Western medicine deals in the area of eliminating the symptoms that have manifested in the physical body, while Yorubic healing deals with the elimination of the root source of the problem. All illness is the result of imbalance of the physical, mental, and spiritual aspects in the body. The Yorubic healer who cures the person of the symptoms has to dissipate the negative energies. Unless he addresses the cause of the disease, the sickness will eventually come back.
The only complete healing for a ailment must include a change of “consciousness” (Ori) where the individual recognizes the root cause and does not wish, or feel compelled to violate its pain. So the Western doctor, by removing the discomfort through drugs, has temporarily taken away the motivation (iwa-pele) for their patient to look for the true healing. However, as the patient’s state of consciousness asserts itself, they will again violate the same natural law and eventually have another opportunity to receive motivation in the form of a new ailment to learn what they are doing wrong. Whenever we listen to our bodies, it moves to provide us with the training and the appropriate knowledge that we need to regain our balance.
The Integration of Yoruba medicine into Planetary Herbology
I have tried in this essay to accomplish the first part of a pleasant assignment which I rashly laid upon myself about two years ago: to integrate African medicine into the scheme of Planetary Herbology. It is no exaggeration to say that this work would not have been possible without the pioneering work of Dr. Michael Tierra. My goal was to add to the tremendous work Dr. Tierra laid out in integrating Eastern and Western philosophies and the principles of Chinese, Japanese, Ayurvedic, and North American Indian herbal medicine.
After close study of the herbal principles applied in African medicine, I noticed the fundamental unity and similarities within and between other herbal systems. Namely, Ayurvedic, North American Indian herbology, Western, and Chinese herbology. This was due pertly because of the historical, and cultural links of each of these systems. Yet, it is well to remember that the meeting of cultures have also triggered tremendous creative explosions in medicine and philosophy. East Indian medicine was born in a meeting of the Black Dalilia (the Black Untouchables) and Indo-Europeans. Chinese herbology adopted some of its principles with the meeting of Egypt. Japanese medicine was born in a meeting with Chinese culture, and Western herbology sprang from a meeting of the ancient Greek and Egyptian priests. These are only a few illustrations much of what I find exciting and interesting.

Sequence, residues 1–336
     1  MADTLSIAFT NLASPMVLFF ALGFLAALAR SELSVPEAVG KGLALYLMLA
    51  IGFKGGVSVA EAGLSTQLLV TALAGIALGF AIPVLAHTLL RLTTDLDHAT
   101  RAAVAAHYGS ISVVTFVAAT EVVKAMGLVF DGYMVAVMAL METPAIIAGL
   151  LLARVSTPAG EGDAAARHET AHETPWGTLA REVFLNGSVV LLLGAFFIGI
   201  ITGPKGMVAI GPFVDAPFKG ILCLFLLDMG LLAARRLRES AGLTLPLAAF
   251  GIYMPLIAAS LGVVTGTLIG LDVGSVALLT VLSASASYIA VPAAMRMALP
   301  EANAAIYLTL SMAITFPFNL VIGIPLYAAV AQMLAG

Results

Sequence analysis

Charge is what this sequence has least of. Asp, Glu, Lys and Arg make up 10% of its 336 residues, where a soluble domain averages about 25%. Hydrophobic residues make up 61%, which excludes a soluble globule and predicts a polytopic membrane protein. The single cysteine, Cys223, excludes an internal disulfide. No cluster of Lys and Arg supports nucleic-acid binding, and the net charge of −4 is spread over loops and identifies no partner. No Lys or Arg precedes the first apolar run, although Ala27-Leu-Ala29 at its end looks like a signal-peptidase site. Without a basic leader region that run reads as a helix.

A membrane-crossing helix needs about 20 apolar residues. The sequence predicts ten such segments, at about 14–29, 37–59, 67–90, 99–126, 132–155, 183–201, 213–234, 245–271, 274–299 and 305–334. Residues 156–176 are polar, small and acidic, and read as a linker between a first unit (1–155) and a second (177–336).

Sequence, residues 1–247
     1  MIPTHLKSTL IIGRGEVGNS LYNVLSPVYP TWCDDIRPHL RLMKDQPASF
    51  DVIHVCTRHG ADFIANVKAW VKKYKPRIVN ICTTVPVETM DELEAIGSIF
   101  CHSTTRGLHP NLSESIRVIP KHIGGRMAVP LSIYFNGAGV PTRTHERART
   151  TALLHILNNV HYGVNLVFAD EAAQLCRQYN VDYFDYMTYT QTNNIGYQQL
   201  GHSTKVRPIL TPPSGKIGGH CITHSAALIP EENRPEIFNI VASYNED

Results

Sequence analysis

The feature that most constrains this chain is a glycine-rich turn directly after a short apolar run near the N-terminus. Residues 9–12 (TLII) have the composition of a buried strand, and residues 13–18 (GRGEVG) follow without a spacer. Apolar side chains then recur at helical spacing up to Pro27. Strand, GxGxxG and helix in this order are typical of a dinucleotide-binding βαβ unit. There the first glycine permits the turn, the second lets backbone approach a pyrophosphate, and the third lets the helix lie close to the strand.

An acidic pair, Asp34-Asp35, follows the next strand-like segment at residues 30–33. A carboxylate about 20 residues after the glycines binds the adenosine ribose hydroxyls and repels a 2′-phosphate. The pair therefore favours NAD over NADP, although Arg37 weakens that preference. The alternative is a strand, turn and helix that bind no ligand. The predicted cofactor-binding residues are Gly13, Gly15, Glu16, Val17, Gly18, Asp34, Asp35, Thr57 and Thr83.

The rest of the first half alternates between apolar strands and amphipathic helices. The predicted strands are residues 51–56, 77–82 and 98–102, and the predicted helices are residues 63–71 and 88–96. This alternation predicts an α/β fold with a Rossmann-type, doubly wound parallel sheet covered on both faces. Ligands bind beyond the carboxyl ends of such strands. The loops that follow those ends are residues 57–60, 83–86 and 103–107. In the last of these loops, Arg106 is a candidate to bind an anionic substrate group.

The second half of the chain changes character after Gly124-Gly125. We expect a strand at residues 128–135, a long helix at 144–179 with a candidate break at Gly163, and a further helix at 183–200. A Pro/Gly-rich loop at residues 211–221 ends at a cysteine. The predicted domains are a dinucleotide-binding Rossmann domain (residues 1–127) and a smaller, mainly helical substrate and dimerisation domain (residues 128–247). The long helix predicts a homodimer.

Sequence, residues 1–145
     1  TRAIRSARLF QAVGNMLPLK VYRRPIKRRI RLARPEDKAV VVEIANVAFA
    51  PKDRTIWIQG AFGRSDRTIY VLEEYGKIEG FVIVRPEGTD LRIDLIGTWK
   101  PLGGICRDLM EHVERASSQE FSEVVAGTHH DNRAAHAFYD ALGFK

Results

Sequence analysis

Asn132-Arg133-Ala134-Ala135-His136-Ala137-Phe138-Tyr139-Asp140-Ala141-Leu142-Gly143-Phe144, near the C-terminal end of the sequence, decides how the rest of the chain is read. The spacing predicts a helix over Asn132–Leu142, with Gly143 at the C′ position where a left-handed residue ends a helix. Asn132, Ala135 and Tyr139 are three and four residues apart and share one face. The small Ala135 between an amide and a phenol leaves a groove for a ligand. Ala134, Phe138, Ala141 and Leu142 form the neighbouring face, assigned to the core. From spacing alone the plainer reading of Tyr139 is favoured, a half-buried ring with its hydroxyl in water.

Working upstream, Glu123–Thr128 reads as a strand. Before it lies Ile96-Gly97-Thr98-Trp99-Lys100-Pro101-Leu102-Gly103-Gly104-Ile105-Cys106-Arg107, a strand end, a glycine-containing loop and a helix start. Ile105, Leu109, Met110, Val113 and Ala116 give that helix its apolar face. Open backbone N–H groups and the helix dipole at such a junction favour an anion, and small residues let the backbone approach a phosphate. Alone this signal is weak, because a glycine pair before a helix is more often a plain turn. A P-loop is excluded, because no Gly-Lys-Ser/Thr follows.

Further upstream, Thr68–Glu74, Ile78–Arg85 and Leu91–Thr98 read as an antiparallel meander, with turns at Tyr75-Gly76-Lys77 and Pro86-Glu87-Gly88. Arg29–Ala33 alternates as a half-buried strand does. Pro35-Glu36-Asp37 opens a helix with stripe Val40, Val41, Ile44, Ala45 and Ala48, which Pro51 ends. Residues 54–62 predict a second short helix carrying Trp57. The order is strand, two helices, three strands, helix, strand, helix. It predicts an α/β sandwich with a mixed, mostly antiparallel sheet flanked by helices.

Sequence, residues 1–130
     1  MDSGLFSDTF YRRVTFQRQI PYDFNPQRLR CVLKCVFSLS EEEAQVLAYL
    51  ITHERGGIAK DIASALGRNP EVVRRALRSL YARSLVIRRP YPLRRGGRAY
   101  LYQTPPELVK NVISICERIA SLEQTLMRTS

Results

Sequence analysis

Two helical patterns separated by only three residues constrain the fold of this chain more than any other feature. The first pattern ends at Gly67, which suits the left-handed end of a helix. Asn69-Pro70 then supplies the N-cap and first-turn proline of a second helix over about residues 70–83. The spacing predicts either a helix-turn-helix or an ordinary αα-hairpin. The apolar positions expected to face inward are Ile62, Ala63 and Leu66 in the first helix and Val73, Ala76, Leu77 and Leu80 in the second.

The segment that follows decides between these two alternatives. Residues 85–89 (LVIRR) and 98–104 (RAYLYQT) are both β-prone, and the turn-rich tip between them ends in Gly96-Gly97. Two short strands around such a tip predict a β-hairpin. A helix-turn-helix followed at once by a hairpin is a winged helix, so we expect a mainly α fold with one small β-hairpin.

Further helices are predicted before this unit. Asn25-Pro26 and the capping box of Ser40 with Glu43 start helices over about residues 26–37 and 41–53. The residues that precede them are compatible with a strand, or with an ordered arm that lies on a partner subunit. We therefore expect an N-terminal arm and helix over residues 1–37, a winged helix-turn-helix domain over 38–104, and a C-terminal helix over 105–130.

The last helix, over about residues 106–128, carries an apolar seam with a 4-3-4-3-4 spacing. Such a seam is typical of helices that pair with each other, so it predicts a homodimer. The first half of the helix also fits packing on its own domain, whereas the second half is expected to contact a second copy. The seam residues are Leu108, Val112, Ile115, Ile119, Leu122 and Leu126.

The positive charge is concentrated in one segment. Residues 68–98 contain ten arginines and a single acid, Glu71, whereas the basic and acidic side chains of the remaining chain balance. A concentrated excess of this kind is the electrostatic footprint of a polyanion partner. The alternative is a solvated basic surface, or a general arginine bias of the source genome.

Let us look at the correspondance between Western herbology and the Egyptian system. The Hypocritic humoural theory was taken from Egyptian Magical Principles (see diagram 1). The basis of this theory was the belief that the human body was made up of the four elements of which the whole material world was composed: fire, air, earth and water. It was also believed that each element possessed certain qualities: hot, dry, wet, and cold. These elements could be mixed in more ways than one, and the various mixtures gave rise to different temperaments and “humours”. The proper balance of elements preserved the health of the body, and a lack of balance led to illness which called for the doctor’s healing magic. The Yoruba priests adopted this same system with sleight modifications. In the Yorubic system, the four elements became: Shango (the fire element), Oya (the air element), Yemoja (the water element), and Elegba (the Ashe, or earth element).
Traditional Chinese Medicine places primary emphasis on the balance of qi, or vital energy. There are 12 major meridians, or pathways, for qi, and each is associated with a major vital organ or vital function. These meridians form an invisible network that carries qi to every tissue in the body. Under the Yoruba system, the major meridians are the 7 Orishas. The flow of vital energy is represented by Ogun, which is the divinity of clearing paths, specifically in respect to blockages, or interruption of the vital energy at various points in the body (see table 1). Upon close study, it becomes evident that the Orisha modes correspond very easily to the Chinese concept of qi. Also in Traditional Chinese medicine, the vital energy comprises two parts: Yin and Yang. They are considered opposites masculine and feminine, heavenly and earthly. The theoretical equivalent of Yin and Yang in Yoruba is represented by Oshun (the divinity of feminine essence), and Shango (the divinity of virility, and masculinity). It is interesting to note that just as Yin represents the quality of cool and Yang the quality of hot, Oshun represents the power to heal with cool water, and Shango is represented by fire (heat).
Physical and spiritual balance in Yorubic medicine is best described by the concept of “Aba”, or human development. Aba is a circle in the center which is aligned with the seven Orishas, each of which is represented by smaller circles of the opposite colors of black and white. The smaller circles represents the ever changing nature of Orisha (spirit) and ajogun (demon), and each Orisha demonstrate that each contains the potential to transform into its corresponding demon (or disease). (see diagram 4) It is the job of the African healer to bring the internal Orishas into alignment. This coincides with the Chinese belief that the universe is forever changing through Yin and Yang.
In the Yoruba system, the seven Orisha’s have many counterparts, or partners that bring about various qualities or spiritual forces. This reciprocal relationship, in turn, gives rise to the four elements, and other attributes which influence the physical world. (see diagram 5)